Crew 64 – Assigned 755th Squadron – October 7, 1943

Standing: Harold “Dixie” Howell – CP, Henry Piasecki – B, William Thorp – N, Frank Herzik – P

Kneeling: Harold Craddock – E, Anthony Konarski – G/2E, Roy Downer – G/E, George Kulikowski – TG, Jack Donahue – G, Deral Hartle – RO

(Photo: AFHRA; Identities: Jack Herzik, Eleonora Donahue & LeAnn Wilcox Plutnicki)

Missing In Action March 3, 1944 – MACR 3347

RankNameSerial #Crew PositionDateStatysComments
1LtFrank W Herzik0663519Pilot03-Mar-44DEDPresume lost in English Channel
2LtHarold H Howell0747418Co-pilot03-Mar-44DEDPresume lost in English Channel
2LtWilliam L Thorpe0812008Navigator03-Mar-44DEDPresume lost in English Channel
2LtHenry J Piasecki0751840Bombardier03-Mar-44DEDPresume lost in English Channel
SgtJack F Donahue37499710Radio Operator03-Mar-44DEDPresume lost in English Channel
SgtAnthony L Konarski32012519Top Turret Gunner03-Mar-44DEDPresume lost in English Channel
SgtRoy H Downer18098007Ball Turret Gunner03-Mar-44DEDPresume lost in English Channel
S/SgtHarold C Craddock15338346Aerial Gunner, 2/E03-Mar-44DEDPresume lost in English Channel
S/SgtDeral D Hartle37405503Waist Gunner03-Mar-44DEDPresume lost in English Channel
S/SgtGeorge T Kulikowski36719296Tail Turret Gunner03-Mar-44DEDPresume lost in English Channel

The Herzik Crew was the first of the 458th to be lost on a combat mission.  The March 3, 1944 mission to Berlin was recalled due to extremely poor weather conditions.  Flying B-24H 41-29298 Ole Satan, this crew simply did not return.  Their loss was the group’s first combat loss and is recorded in Missing Air Crew Report 3347.

Harold McDonald, navigator on Crew 63 (Brudos) related the following: “We were over the middle of the English Channel heading towards the enemy coast when Herzik, maintaining radio silence, signaled that he had trouble and was returning to base.  We waved to them as they left formation and continued on.  When we returned to base we were shocked that Herzik was not back yet.  They must have gone down in the Channel.” 

The entire crew was declared deceased (DED) in 1946.  Their names are on the Tablets of the Missing at Cambridge American Cemetery in Cambridge, England.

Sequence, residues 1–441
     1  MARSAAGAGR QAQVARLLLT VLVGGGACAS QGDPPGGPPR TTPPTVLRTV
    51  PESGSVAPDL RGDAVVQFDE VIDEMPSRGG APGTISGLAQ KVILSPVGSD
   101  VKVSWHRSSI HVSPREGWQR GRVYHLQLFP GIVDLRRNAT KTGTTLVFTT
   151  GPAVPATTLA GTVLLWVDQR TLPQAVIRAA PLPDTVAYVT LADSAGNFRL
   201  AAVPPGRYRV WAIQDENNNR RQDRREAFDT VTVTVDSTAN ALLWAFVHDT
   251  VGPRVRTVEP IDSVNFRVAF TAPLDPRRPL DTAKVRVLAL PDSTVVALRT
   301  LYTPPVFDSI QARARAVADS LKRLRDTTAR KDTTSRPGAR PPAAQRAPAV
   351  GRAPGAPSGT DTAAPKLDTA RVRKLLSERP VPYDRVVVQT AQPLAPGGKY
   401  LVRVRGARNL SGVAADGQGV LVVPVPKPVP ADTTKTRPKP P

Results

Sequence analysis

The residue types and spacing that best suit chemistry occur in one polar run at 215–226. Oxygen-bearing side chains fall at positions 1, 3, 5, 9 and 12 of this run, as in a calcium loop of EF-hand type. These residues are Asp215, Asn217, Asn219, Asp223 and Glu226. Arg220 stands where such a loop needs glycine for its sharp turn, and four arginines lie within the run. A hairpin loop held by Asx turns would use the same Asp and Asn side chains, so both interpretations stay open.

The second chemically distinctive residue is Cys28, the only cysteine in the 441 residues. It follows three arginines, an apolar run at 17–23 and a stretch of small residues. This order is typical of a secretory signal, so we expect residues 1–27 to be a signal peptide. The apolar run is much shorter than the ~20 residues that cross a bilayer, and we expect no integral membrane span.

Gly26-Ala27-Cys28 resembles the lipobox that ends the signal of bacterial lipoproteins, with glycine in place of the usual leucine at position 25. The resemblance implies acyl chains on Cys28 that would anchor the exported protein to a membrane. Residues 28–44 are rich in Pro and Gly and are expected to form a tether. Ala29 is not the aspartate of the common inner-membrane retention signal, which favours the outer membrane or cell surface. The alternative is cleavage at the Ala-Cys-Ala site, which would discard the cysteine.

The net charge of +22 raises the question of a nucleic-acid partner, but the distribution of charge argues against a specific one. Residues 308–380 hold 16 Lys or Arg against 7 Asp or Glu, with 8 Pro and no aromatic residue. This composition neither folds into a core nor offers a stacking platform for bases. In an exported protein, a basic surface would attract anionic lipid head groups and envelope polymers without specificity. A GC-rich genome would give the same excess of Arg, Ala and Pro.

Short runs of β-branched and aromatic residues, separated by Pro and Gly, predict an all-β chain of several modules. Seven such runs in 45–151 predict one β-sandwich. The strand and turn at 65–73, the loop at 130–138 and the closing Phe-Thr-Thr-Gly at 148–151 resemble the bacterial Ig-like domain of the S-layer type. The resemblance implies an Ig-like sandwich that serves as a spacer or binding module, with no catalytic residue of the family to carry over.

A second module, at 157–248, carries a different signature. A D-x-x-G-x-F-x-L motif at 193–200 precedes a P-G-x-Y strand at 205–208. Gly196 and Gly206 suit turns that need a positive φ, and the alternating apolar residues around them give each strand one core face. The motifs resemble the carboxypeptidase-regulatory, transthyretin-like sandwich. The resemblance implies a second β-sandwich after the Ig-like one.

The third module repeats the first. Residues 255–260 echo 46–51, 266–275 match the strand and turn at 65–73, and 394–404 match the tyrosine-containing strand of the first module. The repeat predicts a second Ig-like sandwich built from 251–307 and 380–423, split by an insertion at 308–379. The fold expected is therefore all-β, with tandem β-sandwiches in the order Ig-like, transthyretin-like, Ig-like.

MACR 3347
No statement given

Lost on group’s first combat mission

DateTarget458th MsnPilot MsnSerialRCLSqdnA/C MsnA/C NameComments

1Lt Frank W. Herzik

Photos: Jack Herzik

B-24H-10-FO 42-52160 J3  Ski-Nose

Flown to England by Herzik, this aircraft was later transferred to the 392nd BG, flew 27 combat missions and was lost on July 7, 1944.

2Lt James H. Birnie’s (Bombardier) Diary entry for March 3, 1944

“No. 1 – Fri Mar. 3   Started for Berlin via Northern route at 22,000 – temp -65° and contrails terrible – awfully tough forming, three wings aborted over North Sea.  We were off course and caught heavy, accurate flak at Cuxhaven where Bruno [Major Bruno Fieling, Group Ops Officer] had us do a 180° in the stuff and return.  Wasn’t a bit scared – just looked like fireworks and instead of dropping eggs, we brought 52-M47A1 bombs back.  Beeze [Capt Royce B. Glenn, Crew 73 pilot] flew dep. lead to [illegible]Herzik in “Old Satan” [sic] lost – probably ditched and froze as radio got no call from him and he had no flimsy – seas too high for A-S Rescue.”


Courtesy: Greg Birnie

B-24H-10-CF 41-29298 J3 G  Ole Satan

Herzik’s Crew flew this aircraft on March 3, 1944

Photo & Painting: Wendell Cook – original artist for this aircraft

2Lt John Woodworth

“I remember Frank Herzik very well.  He was a ‘class’ guy.  Well educated, well spoken, interesting to talk to for a 19 year old (a few weeks before my 20th birthday).  That day [March 3rd] was the coldest we ever saw.  It was the nastiest weather.  The North Sea looked like a cauldron from 20,000 feet above it.  They had a breakdown of some sort and went into the sea.  They didn’t have a chance of surviving.  We also aborted, but I realized much later that it was Mattson looking for a way to avoid going on.  My log is confusing because I was confused at the time.”


– 2Lt John Woodworth, navigator Crew 75